Area of Expertise:
Dr. John Elliott is a senior research scientist with Environment Canada at the Pacific Wildlife Research Centre, Delta, BC. He completed his undergrad at Carleton University and his MSc at University of Ottawa, and a PhD from UBC. He is an adjunct professor at both the University of British Columbia and Simon Fraser University. As a wildlife ecotoxicologist, he has studied the exposure and effects of a wide range of environmental toxicants in bird and other wildlife populations. His publication record includes more than 200 peer review articles, book chapters and reports, and he has co-supervised more than 40 successful graduate students. His research has been used extensively in many risk assessment and regulatory decisions on pesticides and industrial chemicals.
Key areas of interest are:
- Effects of persistent contaminants (persistent organic pollutants [POPs], heavy metals) on reproduction, survival and general health of wildlife top predators (raptors, waterbirds, seabirds and aquatic mustelids)
- Impacts of agricultural chemicals, particularly anticholinesterase compounds, on birds and amphibians
- Early developmental effects of endocrine-disrupting chemicals in birds
- Patterns, spatial and temporal trends in bioaccumulation and trophodynamics of POPs and heavy metals in wildlife top predators
- Population ecology of birds of prey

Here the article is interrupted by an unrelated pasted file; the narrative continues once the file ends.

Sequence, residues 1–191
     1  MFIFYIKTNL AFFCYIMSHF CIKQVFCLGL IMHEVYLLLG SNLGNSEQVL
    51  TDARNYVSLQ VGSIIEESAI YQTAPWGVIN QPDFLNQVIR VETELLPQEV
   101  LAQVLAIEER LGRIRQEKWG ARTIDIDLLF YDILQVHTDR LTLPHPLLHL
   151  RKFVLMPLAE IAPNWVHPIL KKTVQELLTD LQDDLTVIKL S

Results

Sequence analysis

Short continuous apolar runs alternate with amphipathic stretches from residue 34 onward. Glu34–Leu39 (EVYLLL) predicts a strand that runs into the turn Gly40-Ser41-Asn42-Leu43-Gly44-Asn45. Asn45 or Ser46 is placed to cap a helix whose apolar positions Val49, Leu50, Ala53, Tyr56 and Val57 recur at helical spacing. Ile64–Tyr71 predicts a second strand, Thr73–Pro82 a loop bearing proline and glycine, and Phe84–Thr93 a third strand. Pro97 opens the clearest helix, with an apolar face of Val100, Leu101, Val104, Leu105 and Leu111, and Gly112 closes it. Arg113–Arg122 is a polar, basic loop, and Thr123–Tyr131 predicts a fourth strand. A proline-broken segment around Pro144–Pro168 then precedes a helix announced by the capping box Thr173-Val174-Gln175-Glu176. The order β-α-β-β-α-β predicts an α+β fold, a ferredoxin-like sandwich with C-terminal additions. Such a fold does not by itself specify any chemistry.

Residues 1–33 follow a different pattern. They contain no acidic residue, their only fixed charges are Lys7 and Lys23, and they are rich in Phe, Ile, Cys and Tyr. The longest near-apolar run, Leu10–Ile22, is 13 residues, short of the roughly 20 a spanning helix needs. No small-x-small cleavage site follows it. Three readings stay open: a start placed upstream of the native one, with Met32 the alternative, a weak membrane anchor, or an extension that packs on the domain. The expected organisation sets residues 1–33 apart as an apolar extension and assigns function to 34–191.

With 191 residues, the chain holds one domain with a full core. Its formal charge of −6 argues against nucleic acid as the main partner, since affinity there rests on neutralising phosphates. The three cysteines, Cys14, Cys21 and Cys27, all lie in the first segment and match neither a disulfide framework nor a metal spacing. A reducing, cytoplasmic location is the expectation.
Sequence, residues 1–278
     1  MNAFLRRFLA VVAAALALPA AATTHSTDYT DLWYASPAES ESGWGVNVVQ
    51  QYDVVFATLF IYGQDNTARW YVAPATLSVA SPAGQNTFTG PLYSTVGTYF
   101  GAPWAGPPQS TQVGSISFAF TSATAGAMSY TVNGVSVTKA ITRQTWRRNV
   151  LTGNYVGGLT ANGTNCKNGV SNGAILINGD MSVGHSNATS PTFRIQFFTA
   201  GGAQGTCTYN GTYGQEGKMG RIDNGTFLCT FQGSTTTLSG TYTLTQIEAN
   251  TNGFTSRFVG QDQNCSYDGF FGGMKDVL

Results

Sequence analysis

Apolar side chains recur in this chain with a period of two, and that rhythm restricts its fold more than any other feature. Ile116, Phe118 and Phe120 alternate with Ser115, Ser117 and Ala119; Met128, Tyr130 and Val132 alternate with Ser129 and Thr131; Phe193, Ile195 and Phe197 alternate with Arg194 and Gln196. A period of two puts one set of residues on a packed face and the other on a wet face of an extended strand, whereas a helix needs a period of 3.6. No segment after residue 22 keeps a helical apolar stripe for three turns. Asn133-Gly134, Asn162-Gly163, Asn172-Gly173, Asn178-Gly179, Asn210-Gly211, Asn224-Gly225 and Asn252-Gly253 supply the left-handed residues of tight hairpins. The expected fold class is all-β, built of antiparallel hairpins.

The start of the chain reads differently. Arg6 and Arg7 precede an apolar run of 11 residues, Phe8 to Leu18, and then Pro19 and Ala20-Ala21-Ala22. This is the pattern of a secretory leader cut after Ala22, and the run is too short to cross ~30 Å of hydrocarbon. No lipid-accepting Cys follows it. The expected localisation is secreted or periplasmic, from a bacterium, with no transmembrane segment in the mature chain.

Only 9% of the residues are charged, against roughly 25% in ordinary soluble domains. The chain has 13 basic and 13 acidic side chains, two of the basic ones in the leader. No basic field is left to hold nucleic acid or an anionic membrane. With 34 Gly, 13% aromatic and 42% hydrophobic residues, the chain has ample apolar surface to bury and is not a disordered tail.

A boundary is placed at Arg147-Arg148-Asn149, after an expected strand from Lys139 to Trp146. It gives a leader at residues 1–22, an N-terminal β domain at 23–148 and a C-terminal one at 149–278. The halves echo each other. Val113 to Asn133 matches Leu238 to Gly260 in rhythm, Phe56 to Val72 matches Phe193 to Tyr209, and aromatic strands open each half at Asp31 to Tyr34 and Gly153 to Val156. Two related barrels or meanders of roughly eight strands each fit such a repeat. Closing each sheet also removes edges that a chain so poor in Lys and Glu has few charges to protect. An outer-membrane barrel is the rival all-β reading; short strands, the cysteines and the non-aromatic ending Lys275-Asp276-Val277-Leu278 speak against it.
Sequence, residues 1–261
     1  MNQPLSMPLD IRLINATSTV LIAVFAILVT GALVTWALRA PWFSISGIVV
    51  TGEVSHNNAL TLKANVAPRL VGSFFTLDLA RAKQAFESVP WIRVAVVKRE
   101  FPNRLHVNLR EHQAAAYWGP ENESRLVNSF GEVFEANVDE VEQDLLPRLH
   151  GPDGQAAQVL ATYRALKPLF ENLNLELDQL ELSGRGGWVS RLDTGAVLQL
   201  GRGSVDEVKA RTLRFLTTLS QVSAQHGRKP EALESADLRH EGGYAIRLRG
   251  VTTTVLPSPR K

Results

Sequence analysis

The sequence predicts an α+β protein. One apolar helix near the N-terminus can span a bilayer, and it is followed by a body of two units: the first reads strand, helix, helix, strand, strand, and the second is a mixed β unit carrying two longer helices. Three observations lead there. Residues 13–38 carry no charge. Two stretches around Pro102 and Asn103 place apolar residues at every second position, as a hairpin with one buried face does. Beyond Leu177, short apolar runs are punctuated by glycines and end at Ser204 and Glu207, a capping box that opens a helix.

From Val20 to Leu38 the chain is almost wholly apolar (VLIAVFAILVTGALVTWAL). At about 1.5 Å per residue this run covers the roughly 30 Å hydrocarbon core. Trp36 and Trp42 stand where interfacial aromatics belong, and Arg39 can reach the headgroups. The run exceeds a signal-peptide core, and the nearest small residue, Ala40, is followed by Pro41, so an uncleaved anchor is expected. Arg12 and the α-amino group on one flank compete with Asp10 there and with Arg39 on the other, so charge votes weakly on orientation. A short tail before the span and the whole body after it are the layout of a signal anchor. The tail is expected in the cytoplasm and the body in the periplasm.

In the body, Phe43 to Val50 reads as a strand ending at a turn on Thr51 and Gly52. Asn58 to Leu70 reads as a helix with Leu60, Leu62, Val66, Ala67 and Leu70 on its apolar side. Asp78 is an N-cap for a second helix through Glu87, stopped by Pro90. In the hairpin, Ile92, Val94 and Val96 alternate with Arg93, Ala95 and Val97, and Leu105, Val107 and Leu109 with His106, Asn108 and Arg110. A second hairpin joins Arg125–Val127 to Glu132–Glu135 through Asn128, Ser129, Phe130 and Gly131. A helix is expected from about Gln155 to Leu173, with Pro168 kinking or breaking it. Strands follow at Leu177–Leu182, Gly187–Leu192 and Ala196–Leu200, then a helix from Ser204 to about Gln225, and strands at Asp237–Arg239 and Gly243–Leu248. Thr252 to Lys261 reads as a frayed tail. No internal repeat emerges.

Select Presentation(s) / Publication(s):
Miller, Aroha; Elliott, John; Elliott, Kyle; Lee, Sandi; Guigueno, Melanie; and Idrissez, Abde, “Brominated Flame Retardants: Spatial and Temporal Patterns and Trends in Seabird eggs from the Nearshore Pacific Coast of Canada” (2014). Salish Sea Ecosystem Conference. 15. https://cedar.wwu.edu/ssec/2014ssec/Day1/15
Huang, Andrew & Nelson, Cait & Elliott, John & Guertin, Daniel & Ritland, Carol & Drouillard, Ken & Cheng, Kimberly & M Schwantje, Helen. (2018). River otters (Lontra canadensis) “trapped” in a coastal environment contaminated with persistent organic pollutants: Demographic and physiological consequences. Environmental pollution (Barking, Essex : 1987). 238. 306-316. 10.1016/j.envpol.2018.03.035.
Davis, M.L. & Elliott, John & Williams, T.D.. (2015). Spatial and temporal variation in the dietary ecology of the Glaucous-winged gull Larus glaucescens in the Pacific Northwest. 43. 189-198.
Elliott, John & Kirk, David & Elliott, Kyle & Dorzinsky, Jessica & Lee, Sandi & Ruelas Inzunza, Ernesto & Cheng, Kimberly & Scheuhammer, Tony & Shaw, Patrick. (2015). Mercury in Forage Fish from Mexico and Central America: Implications for Fish-Eating Birds. Archives of environmental contamination and toxicology. 69. 10.1007/s00244-015-0188-x.